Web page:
Clyde's still struggling to make the Dushkin twins see Snatch cologne and man scaping products for boys aren't exact the stuff global brands are made of. Deciding a divide and conquer strategy would be better (and pretty easy, considering they have one brain between them) he convinces one twin the other is jealous and trying to drag him down the wrong path. Or something like that. The twin buys it hook, line and BS, and Clyde strikes a deal. Unbeknownst to him though, is that all his trickery is for naught, now that the Carlson deal is dead in the water and the brothers won't be getting that hefty finder's fee from Carlson. Since she's in the know, Jeannie tries to temper his excitement, but Clyde's jerkiness wears her down and she leaves him to his delusions. Jeannie tells her that Sarah really loves him, and Doug concurs, causing Jeannie's mind to drift to thoughts of Marty.
Marty arrives home to find Jeremiah staring out at Tamara, who's alone on the terrace. After crushing his dad's hope that Tamara's not exactly wifey material, he offers Tamara a glass of wine, and fills her in on the details of his latest coup. Tamara stammers and says she would have told him about New York. "Sorry I hurt your feelings," she says in a voice that's all business. He cuts through her crap and says she screwed him. In a sad, ironic moment, she says, "How far did you think this thing was gonna go? You think I don't know who you are? I know exactly who Marty Kahn is."
Apparently she didn't know him as well as she thought. In fact, the last line makes her entire dalliance with Marty suspect. At first she criticized him for selling out, then encouraged him to strike on his own, but didn't believe in him enough as a businessman or a boyfriend to go further down either road with him. Was she really in love with him and got scared, or was she being manipulative all along? Her trepidation is understandable--after all, this is the same man who paid own his brother to go away, tap danced to cover up racist business practices by corporate imbeciles and stole his then-pregnant wife's prospective client while she was in labor with his child. He's got issues aplenty. But he was also equally willing to run off with Tamara and at least try to build a life with her. In the end though, Monica was right in that neither walked away unscathed.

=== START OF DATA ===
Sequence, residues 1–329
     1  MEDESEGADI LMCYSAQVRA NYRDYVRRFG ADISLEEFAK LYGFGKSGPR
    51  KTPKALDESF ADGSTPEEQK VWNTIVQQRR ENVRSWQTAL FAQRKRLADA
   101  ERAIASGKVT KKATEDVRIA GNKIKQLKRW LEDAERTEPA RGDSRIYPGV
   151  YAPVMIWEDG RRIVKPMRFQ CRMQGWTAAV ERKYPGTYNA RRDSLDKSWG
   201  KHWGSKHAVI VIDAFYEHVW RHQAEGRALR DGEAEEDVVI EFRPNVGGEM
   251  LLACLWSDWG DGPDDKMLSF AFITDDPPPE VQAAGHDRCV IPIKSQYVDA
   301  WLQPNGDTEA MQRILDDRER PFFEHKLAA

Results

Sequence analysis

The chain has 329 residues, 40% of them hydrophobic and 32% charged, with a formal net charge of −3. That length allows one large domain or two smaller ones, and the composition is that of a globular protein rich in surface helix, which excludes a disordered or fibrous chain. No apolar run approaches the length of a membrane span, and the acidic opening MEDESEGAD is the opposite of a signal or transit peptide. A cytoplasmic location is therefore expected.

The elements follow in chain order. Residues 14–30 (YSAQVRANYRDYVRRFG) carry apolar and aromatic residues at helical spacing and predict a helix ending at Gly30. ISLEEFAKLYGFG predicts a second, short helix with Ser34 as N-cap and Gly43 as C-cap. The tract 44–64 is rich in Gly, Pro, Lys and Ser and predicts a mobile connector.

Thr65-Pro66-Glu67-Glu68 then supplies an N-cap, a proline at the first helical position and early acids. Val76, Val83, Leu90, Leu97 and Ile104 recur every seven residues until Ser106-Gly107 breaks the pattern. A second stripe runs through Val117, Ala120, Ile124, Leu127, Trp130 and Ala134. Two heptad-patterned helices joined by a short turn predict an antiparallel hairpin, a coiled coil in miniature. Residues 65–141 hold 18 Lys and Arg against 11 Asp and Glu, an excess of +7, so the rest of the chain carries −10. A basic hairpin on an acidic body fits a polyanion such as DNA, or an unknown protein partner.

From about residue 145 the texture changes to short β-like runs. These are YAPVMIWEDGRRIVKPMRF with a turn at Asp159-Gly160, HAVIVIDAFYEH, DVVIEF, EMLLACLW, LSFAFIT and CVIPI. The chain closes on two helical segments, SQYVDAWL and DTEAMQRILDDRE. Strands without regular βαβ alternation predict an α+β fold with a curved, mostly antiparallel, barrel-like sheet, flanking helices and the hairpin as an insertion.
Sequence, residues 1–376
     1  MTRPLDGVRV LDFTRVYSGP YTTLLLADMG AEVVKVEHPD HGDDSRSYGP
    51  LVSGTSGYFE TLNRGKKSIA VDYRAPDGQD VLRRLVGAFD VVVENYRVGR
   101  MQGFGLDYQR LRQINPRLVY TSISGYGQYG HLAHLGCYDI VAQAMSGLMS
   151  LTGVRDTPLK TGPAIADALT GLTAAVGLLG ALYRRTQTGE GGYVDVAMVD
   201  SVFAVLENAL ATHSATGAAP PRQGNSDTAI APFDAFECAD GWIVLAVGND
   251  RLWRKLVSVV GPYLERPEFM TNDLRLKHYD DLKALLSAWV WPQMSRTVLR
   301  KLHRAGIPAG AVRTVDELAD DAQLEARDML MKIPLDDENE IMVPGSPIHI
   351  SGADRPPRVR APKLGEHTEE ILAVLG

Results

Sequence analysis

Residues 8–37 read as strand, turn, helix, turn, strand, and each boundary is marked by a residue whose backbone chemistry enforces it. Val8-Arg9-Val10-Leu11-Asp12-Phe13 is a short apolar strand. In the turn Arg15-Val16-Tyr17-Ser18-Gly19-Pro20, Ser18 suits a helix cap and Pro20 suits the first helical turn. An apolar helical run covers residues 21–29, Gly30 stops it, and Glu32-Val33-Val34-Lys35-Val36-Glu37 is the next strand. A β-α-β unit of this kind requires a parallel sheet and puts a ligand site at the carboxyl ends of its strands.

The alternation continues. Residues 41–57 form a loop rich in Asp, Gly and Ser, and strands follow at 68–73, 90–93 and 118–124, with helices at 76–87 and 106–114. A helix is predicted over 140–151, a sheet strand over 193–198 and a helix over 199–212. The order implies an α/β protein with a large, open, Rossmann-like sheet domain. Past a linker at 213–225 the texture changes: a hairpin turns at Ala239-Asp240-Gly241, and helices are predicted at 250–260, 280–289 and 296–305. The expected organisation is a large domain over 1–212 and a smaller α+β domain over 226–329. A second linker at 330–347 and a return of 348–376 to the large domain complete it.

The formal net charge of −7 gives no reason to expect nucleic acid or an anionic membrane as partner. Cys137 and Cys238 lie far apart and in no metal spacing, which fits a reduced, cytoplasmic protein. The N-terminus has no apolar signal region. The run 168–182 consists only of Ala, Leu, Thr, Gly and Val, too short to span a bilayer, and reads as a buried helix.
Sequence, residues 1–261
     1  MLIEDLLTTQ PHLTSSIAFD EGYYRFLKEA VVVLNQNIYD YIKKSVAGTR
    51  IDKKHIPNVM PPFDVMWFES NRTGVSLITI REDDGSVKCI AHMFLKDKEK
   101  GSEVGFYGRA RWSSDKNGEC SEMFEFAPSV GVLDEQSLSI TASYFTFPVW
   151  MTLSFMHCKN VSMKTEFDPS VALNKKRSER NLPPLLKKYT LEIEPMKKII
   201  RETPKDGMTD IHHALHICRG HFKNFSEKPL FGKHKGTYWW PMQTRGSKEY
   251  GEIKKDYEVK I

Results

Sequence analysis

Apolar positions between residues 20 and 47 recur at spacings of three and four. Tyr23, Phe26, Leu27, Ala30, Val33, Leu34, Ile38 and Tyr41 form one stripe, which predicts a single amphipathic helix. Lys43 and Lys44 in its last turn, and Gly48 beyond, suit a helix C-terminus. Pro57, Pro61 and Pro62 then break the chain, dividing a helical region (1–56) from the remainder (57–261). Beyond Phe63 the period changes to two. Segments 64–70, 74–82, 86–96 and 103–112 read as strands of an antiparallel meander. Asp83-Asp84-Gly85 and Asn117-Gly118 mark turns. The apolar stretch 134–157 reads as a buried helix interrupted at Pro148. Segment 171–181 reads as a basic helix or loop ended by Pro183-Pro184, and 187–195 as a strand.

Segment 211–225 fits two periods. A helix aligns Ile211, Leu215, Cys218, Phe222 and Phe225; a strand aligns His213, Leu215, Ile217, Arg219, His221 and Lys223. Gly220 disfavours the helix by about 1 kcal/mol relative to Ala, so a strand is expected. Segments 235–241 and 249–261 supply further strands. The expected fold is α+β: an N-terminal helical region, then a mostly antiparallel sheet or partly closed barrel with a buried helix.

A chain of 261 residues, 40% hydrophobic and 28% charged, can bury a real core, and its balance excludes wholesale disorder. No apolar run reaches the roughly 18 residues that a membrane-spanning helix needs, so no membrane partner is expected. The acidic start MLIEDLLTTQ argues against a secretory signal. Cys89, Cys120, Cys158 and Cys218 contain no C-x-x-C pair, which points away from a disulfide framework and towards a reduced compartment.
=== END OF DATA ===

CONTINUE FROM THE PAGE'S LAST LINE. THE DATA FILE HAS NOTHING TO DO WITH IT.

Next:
Interspersed with Marty and Tamara's breakup are shots of Jeannie and Nate getting down with the get down. All would be beautiful in this love nest except that Jeannie can't help but blabber about Marty and Tamara. Or about Tamara's betrayal. Or about how wrong Tamara is for not being straight up with Marty about going back to her husband. Talking about your boss's love life while banging your current sorta boyfriend? Girl stop the madness! And she does (in mid coitus no less), knowing that Nate was a good guy for which there was no logical reason to break up with, but knowing herself well enough to (finally!) acknowledge her feelings for Marty.
Marty makes a call to Jeannie to assemble the troops at the office. Cut to a shot of Marty greeting the rest of the Pod and telling them to soak Galweather in. "Come this time tomorrow. We know longer work here." Honestly, I was kinda let down at the sight of Doug and Clyde. On one hand, it's great the Pod is sticking together and hatching a grand escape. On the other hand, it would been great to see the tensions play out between Clyde and Marty after the latter basically destroyed the business he schemed so hard to get. It also would have been interesting to see what the fallout would have been if Marty found out about Doug's solo success. If anything, the second scenario would have left a much bigger cliffhanger for next week's finale. But I'm sure Julianne will bring the drama.